Wednesday, June 11, 2014

How Conservatives Tried to Ban All Same-Sex Marriage

by Brig Bagley

11 June 2014

Since 2002, conservative groups have submitted constitutional amendments to the US constitution 7 times to define marriage between a man and a woman only. The point of putting it so deeply into law is so that it would take 75% of all of the states to remove it again, and it would also prevent judicial courts from ruling same-sex marriage bans as unconstitutional. 

In 2006, the LDS Church encouraged members to contact their state representatives to approve of the amendment. I was one of them, and trying to be a "good Mormon", did so in hopes to gain "blessings for my obedience". I received a response (probably from a secretary) from CA senator Barbara Boxer, saying that she appreciates my concern, but she believed that marriage was a state issue, and she would not vote for the amendment.

In 1996, the Defense of Marriage Act was signed into law by Bill Clinton. The law was to clarify that the federal government would not recognize same-sex marriages. This was in response to Hawaii's law that (at that time) permitted same-sex marriages. Conservatives didn't want to stop there. They wished to prevent states like Hawaii from starting a trend of permitting marriage for same-sex couples across the nation. This is what gave birth to the several proposed "Federal Marriage Amendments" that started in 2002.

With the several failed attempts to get the amendment passed at the US constitutional level, conservatives sought to target major states' constitutions for marriage amendments. In 2008, California became eligible to put a state constitutional amendment to ban same-sex marriage by popular vote. It passed with a mere 52% majority.

Once the LDS church was aware of the ballot measure, it immediately mobilized its entire California membership to make calls, knock doors, and display signs to support Proposition 8. I, as well, was again guilt-ridden to participate in the efforts to pass the law. I remember calling citizens in San Francisco and getting chewed out for asking for their support. The LDS Church even asked students at BYU that were from CA to make calls from Utah to CA. It was also known that non-California residents at BYU also helped in the phone calls. 

The LDS church also asked members to donate significant funding to the cause. Although the LDS Church reported that it contributed almost no money, its combined donations from its members numbered over $20 million. The LDS Church was later taken to court for committing election fraud by the California Fair Political Practice Commission and was fined $5,538. It has since stepped away from getting involved with marriage politics.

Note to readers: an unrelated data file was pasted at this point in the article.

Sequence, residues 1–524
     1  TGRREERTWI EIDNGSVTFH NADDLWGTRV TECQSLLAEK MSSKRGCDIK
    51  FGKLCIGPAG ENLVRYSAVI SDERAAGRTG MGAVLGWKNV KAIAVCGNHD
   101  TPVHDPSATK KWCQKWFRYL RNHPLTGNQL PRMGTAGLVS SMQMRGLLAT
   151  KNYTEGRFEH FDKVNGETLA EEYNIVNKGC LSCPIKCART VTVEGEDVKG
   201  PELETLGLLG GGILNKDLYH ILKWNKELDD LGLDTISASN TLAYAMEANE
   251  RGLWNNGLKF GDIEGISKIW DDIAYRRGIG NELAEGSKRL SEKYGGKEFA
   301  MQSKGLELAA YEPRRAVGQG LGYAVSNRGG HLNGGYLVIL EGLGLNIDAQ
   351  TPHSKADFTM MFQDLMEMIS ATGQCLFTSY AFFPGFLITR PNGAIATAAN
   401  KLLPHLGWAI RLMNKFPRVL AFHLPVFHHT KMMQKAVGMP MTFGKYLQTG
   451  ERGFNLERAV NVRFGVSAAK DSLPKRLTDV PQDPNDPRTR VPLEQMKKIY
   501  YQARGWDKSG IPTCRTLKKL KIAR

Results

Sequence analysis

Conservative groups have continued to push for similar laws in several other states, also succeeding.

Now that both DOMA and Prop 8 were taken to the courts--all the way to SCOTUS--and struck down as unconstitutional, conservatives have inadvertently paved the way for national recognition of same-sex marriage. Traditional marriage supporters have proposed the Federal Marriage Amendment once in 2013, but the momentum for it has dropped significantly.

In polls, popular approval of the Federal Marriage Amendment has gone from 57% in 2003 to 38% in 2013 (in a conservative poll) and 24% (in a liberal poll).  A year later, popular support for banning same-sex marriage will have dropped even more, possibly creating a super majority of US citizens that approve of same-sex marriages. Although majorities may not exist in some ultra-conservative states, such as Utah, the split has been shown to be very close.

Now that homosexuality has become the everyday talk, more people are accepting them, and more people are willing to identify as LGBT. Large companies have publicly declared support for LGBT, also influencing people to accept them. 

The current judicial cases have now struck down 14 bans on same-sex marriage. With the momentum growing, conservatives are calling "foul" on liberal, activist judges overturning the will of the people, even though the "will of the people" was rallied by conservative groups years ago to vote in said laws. Like-minded people agree with this sentiment, forgetting that constitutional review is in place to strike down majority vote laws that violate the constitution. This time, conservatives want marriage to be decided by the states, now that it appears that the federal government is moving to permit same-sex marriage nationally.

A final last-resort by conservative groups is to pull out the "religious freedom" card, claiming that their rights to discriminate against LGBT people is part of free speech and rights to practice their religion in their personal lives, as well as in business affairs. All but one state (Mississippi) that have proposed such laws have failed to pass religious freedom preservation that ultimately legalizes discrimination. 

Religious and conservative people and groups will continue to find ways to fight the approval of homosexuality and the legalization of same-sex marriage. They still believe they have a winning chance in the courts with cases such as the Amendment 3 case in the District 10 Appellate Court in Denver. State officials, such as Utah Gov. Herbert and AG Reyes will also fight the case to the top, most likely accelerating the national legalization of same-sex marriage.

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